Lewis Honors College Capstone Collection

Year of Publication





Kinesiology and Health Promotion

Degree Name

B.S. in Kinesiology

First Capstone/Thesis Advisor

Ben Johnson


Introduction: Females are consistently found to be at a higher risk of tearing their ACL. Extensive research has been completed previously to determine what causes an ACL tear and why this separation exists but a confirmed conclusion has not been found. Potential extrinsic factors such as decreased knee flexion and increased valgus have commonly been suggested as increased stressors on the ACL. The focus of this study is to determine if there is a significant difference in these two factors between males and females.

Methods: Seven healthy and highly trained subjects between the ages of 17 and 18 who do not have a history of anterior cruciate ligament injury. Three trials of the subject stepping off a 63.5 centimeter bleacher and landing naturally. Frontal and sagittal plane filmed. One trial chosen to be digitized and analyzed with MaxTRAQ software. Specifically, knee flexion and valgus angles were measured with the software at initial contact of the landing and for maximum angle.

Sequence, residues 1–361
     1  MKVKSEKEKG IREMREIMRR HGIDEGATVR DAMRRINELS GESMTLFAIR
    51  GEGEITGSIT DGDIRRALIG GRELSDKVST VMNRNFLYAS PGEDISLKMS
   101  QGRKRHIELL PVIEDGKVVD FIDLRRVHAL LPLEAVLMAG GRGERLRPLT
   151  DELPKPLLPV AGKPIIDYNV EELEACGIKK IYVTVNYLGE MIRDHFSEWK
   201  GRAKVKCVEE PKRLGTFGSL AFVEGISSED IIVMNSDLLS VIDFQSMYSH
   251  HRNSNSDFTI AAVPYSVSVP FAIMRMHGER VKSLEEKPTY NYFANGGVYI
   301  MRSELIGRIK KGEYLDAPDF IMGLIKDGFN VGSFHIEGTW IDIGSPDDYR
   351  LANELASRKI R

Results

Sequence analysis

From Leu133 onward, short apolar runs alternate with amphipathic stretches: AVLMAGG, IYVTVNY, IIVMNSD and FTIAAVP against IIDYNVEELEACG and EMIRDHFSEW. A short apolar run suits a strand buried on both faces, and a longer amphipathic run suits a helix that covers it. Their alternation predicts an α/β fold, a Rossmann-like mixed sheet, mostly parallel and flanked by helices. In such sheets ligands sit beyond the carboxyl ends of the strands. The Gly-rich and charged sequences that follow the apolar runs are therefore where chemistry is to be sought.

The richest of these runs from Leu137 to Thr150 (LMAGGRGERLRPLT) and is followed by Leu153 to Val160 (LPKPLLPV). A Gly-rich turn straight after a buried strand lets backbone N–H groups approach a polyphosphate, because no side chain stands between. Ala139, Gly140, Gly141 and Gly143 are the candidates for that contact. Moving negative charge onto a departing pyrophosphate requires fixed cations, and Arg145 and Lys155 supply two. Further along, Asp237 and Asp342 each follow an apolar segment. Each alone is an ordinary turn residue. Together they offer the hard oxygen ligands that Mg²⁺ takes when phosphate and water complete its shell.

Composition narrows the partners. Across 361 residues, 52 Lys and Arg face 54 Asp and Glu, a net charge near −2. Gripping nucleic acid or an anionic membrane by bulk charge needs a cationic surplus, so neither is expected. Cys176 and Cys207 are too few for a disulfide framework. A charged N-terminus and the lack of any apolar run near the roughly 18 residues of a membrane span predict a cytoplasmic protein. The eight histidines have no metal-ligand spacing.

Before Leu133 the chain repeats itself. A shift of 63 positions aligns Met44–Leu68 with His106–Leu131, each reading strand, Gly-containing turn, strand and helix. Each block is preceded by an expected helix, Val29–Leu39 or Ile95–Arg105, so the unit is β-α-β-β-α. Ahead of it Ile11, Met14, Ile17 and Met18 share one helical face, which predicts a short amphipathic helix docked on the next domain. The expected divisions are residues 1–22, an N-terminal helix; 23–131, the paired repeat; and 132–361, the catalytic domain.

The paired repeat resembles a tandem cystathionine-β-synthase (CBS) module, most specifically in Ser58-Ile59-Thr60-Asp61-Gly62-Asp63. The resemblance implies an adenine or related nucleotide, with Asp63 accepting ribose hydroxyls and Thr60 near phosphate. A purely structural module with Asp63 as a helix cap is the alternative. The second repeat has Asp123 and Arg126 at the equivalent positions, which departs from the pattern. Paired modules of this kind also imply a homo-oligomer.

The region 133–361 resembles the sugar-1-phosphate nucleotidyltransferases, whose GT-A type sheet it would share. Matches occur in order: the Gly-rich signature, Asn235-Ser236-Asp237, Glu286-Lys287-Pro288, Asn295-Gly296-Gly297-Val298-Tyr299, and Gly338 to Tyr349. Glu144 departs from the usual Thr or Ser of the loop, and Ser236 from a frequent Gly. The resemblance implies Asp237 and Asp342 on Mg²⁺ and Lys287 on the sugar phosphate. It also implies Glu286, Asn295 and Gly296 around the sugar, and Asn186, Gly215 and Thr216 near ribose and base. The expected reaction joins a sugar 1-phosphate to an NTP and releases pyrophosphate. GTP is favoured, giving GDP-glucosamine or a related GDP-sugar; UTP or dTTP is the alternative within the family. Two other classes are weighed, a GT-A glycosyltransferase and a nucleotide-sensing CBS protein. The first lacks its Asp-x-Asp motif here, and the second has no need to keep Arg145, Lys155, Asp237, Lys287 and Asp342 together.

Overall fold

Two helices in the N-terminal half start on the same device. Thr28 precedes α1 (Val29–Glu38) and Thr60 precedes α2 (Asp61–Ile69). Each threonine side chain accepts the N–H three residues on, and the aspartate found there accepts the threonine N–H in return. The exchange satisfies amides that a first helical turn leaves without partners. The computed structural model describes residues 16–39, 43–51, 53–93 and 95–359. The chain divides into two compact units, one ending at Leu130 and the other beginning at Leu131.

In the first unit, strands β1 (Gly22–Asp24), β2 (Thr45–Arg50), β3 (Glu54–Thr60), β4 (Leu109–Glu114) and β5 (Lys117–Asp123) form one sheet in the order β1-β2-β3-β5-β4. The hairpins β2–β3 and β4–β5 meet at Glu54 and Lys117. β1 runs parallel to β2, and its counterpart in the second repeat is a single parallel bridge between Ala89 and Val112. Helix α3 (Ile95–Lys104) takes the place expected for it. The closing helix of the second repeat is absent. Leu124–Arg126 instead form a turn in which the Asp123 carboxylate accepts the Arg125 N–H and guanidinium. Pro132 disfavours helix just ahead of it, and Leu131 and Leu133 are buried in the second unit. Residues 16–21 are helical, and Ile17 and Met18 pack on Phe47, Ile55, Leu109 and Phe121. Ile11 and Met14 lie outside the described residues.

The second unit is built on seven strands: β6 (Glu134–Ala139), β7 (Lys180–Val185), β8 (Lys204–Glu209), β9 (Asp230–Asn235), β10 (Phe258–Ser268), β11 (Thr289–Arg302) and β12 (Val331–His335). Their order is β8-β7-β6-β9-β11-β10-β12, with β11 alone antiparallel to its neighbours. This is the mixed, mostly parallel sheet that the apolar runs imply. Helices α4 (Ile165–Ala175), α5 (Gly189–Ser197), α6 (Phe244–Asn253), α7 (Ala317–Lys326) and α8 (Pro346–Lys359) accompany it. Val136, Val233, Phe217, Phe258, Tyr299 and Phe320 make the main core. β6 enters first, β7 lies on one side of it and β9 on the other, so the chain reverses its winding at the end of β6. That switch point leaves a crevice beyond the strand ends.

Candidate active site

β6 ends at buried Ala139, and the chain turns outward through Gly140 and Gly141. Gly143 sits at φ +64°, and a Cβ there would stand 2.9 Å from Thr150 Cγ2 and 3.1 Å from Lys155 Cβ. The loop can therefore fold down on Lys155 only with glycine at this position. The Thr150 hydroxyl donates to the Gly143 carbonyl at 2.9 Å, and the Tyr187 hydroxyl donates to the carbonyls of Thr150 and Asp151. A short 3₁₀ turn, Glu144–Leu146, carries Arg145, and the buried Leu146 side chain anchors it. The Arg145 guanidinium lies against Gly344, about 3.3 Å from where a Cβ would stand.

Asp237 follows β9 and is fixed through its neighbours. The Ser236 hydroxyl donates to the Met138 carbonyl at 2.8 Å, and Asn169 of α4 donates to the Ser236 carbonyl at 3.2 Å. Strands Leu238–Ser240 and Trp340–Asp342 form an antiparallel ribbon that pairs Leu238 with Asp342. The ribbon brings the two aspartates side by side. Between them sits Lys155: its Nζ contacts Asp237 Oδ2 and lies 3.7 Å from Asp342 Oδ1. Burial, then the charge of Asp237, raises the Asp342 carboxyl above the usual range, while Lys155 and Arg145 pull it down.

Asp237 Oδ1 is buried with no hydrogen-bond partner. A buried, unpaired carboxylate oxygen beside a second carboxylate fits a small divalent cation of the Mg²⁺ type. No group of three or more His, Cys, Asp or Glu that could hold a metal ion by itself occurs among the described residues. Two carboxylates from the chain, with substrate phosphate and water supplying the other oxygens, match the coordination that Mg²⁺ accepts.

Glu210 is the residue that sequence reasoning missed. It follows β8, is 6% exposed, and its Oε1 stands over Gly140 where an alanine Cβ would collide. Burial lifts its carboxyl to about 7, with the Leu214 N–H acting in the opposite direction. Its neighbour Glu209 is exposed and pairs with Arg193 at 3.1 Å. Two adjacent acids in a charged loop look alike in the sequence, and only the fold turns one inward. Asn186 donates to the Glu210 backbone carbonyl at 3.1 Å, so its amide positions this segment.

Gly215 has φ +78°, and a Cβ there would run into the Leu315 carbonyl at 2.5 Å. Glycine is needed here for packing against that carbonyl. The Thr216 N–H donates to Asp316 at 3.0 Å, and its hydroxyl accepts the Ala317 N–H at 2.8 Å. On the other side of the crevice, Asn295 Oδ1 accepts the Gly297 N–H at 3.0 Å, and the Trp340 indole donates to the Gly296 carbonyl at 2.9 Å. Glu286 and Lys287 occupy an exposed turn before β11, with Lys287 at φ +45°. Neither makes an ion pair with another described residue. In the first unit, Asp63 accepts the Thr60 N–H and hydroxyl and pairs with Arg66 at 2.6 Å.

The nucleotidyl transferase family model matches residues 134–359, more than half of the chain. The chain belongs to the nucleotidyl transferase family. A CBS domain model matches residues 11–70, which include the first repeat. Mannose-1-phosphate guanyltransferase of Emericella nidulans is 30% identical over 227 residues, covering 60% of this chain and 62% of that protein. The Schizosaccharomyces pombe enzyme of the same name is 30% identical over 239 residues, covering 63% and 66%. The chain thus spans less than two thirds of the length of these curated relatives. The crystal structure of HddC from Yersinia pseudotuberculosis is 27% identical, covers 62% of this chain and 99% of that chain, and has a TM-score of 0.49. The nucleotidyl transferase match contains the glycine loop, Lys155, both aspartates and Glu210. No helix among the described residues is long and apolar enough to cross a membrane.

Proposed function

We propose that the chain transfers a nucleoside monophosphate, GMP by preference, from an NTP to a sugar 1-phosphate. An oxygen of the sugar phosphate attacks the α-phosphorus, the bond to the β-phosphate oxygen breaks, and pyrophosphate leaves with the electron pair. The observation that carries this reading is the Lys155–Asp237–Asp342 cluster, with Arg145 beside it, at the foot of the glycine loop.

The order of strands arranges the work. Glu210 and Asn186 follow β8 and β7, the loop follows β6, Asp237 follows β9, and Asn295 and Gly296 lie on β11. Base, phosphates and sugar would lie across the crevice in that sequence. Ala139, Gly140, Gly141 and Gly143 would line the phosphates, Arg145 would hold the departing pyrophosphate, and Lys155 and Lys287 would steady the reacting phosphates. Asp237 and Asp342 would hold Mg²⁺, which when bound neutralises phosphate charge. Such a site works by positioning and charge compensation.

Results: Females landed with more knee flexion at initial contact and more valgus at initial contact. Maximum knee flexion angles were only slightly different. When comparing maximum valgus, females exhibited more than males. Significant difference was not found among males and females for knee flexion. Female valgus angles were found to be significantly different than male valgus angles.

Discussion: Results comparable with current research pertaining to valgus data. Knee flexion results differ. Important for understanding ACL risk of future athletes and the potential for training interventions.

Conclusion: Original hypothesis found to be incorrect. Only a significant difference in valgus angle was found. Additional research with more subjects is needed to determine accuracy of results.